With Christmas a few days away, many of us are now finally starting to get into the festive spirit, but for most high street shops and online retailers, preparations started months ago. Not only have they had to prepare their stock and take on extra staff to maintain service levels during the Christmas period, but they have also had to prepare their IT infrastructure for the busiest time of the year.
For most “brick and mortar” stores, around 30 to 60 percent of their business revenue is executed in the four to five weeks leading up to Christmas. This puts massive pressure on the IT systems used to process transactions, manage stock and provide customer support. In order to deal with the abrupt spike in demand, retailers are increasingly turning to cloud and managed hosting providers, where they can buy scalable capacity.
One such company is Lumison, a provider of private cloud, Infrastructure as a Service (IaaS), managed hosting and colocation across its nine UK data centres. Techworld spoke to the company's chief technology officer Matt Lovell, to find out how its retail customers have been preparing for the Christmas rush.
“The last thing you want to be doing as a retail customer is worrying about whether or not you've got sufficient capacity to manage that 30 to 60 percent, in terms of understanding how the systems are going to perform, and whether the applications are going to be available and provide a high level response time,” said Lovell. “So it's working with those customers to help them understand what the IT systems need to scale to in order to deliver that business outcome, and the vast majority of retailers have welcomed that level of support.”
Lovell explained Lumison works with retailers to determine their order processing, what stock levels they've got and what they're hoping to sell. “We equate that in terms of transaction volumes and look at whether or not the current level of the systems and the capacity will support that, if they executed and sold everything,” he said.
Lumison also looks at peak level activity, and advises customers on how much extra capacity they are likely to need in order to support these high transaction volumes. “It's creating a configurable service for the customer,” said Lovell. “We're moving beyond a standard cloud proposition. There are elements that you can configure; we've got the ability to scale this up, scale this down for you; and then there's also the customised element, which are specific to the majority of those customers.”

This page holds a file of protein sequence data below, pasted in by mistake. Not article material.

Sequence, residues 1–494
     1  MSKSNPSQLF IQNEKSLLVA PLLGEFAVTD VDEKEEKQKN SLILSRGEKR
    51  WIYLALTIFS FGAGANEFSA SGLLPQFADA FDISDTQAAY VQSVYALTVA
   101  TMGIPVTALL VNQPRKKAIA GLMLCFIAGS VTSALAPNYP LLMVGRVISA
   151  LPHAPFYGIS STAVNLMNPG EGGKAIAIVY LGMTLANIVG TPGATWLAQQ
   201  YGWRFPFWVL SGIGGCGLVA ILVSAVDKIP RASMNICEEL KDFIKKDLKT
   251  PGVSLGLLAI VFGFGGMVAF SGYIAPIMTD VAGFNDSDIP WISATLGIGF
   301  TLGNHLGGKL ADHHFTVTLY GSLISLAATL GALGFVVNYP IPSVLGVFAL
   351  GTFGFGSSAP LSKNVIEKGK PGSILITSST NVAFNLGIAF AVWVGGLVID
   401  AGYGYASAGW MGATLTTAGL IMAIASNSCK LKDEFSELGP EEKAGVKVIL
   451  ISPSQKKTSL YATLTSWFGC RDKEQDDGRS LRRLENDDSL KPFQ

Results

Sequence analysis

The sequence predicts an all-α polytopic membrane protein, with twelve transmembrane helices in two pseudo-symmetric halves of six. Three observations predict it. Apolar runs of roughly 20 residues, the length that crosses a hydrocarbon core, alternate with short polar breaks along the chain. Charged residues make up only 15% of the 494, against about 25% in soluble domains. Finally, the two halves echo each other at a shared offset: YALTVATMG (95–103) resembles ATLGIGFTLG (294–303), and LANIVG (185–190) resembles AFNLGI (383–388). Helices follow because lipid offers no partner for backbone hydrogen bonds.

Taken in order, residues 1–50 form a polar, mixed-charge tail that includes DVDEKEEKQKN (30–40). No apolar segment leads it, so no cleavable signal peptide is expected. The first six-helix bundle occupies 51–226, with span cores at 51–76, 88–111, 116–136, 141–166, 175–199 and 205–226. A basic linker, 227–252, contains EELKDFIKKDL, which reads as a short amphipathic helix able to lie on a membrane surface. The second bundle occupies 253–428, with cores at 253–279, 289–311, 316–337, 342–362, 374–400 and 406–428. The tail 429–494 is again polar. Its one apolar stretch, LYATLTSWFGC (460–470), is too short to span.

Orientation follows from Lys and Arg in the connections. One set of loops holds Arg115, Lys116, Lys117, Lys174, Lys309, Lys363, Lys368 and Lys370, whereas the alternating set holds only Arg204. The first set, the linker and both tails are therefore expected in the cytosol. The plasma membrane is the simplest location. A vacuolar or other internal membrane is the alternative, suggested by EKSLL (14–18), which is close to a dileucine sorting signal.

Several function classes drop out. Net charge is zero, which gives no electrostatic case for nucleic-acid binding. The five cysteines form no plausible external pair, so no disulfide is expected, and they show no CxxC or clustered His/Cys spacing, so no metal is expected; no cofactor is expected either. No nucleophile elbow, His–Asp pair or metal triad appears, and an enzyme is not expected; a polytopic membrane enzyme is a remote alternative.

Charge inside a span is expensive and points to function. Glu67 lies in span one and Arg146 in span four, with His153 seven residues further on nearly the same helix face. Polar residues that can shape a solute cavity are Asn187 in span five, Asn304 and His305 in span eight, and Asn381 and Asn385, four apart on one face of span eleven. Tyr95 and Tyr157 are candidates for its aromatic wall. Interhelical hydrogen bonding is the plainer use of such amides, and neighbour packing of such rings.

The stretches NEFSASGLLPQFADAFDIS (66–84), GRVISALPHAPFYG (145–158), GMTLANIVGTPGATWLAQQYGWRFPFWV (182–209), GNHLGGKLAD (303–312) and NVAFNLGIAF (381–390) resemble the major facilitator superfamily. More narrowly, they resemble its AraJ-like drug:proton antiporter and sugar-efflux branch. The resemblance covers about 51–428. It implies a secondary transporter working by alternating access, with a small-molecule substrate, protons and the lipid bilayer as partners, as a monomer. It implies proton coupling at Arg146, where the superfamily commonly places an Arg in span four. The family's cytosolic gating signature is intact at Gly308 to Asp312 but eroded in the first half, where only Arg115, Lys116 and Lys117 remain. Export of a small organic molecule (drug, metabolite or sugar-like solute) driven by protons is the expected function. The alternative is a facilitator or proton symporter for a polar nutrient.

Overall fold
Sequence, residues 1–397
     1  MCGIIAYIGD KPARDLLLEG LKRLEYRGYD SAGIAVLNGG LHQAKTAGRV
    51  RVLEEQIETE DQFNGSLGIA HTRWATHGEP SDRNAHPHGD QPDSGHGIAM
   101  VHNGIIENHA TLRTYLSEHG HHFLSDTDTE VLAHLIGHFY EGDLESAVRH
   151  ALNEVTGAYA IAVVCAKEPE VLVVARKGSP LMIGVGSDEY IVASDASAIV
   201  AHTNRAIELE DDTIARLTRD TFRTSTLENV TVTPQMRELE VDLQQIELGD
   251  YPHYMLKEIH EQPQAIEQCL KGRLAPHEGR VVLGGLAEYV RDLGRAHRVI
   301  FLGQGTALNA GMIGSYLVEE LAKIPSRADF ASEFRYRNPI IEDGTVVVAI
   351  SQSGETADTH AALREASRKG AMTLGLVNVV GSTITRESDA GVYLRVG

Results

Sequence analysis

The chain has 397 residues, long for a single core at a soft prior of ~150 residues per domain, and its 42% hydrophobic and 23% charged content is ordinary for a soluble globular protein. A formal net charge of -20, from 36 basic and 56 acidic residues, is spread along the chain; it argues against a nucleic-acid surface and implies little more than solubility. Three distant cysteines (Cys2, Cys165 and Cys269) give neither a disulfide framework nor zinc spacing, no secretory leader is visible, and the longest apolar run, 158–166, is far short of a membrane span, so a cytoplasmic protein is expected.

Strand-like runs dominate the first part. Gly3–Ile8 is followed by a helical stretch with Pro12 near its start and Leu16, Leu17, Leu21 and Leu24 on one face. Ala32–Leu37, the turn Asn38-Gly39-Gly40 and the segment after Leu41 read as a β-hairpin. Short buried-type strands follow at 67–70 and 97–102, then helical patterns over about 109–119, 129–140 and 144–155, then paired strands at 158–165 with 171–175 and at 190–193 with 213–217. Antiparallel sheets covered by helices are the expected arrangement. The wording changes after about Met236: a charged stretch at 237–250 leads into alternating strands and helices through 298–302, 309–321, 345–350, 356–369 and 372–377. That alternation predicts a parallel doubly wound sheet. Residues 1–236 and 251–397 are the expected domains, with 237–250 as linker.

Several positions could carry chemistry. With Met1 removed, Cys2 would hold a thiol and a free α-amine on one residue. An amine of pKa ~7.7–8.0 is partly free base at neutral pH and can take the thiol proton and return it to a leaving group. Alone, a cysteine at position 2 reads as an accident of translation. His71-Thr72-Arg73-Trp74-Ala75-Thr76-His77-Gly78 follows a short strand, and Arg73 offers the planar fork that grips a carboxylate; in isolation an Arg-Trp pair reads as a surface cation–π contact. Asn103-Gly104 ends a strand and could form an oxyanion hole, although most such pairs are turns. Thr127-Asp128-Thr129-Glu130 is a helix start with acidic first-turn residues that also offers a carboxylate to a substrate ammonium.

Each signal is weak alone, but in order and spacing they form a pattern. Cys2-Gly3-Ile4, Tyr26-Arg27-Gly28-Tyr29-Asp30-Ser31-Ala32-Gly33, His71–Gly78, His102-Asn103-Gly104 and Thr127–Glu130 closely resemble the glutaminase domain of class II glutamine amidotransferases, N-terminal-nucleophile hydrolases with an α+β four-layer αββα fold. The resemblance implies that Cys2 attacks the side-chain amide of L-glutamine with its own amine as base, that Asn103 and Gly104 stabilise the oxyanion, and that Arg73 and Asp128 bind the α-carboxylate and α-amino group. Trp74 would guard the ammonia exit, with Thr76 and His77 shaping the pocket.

It is not just high street stores that are under increased pressure during the Christmas period. A recent survey of global shopping habits by KPMG suggested that UK shoppers are embracing technology at a faster pace than many other countries, with 77 percent of British shoppers preferring to buy goods like CDs, DVDs, books and video games online.
If anything, online retailers have more at stake if their systems fail and transactions cannot be processed, as there is no cash option to fall back on. And customers are not just placing orders by email, but over the phone, via web chat or even social media on their smartphones, putting enormous pressure on online retailers to provide a consistent level of service.
For example, on 5 December – so-called “Cyber Monday” – around 12 percent of all online purchases were made via mobile, according to information management company Stibo Systems, but satisfaction with mobile websites remains low, with only 27 percent of consumers were satisfied with their mobile retail experience.
Meanwhile, recent Alcatel-Lucent Enterprise research conducted at the Social Media and Customer Services Summit found that only 28 percent of organisations have integrated social media into customer service operations. The company advises retailers to create an integrated multi-channel approach to customer service, treating social media channels and mobile devices as equally important.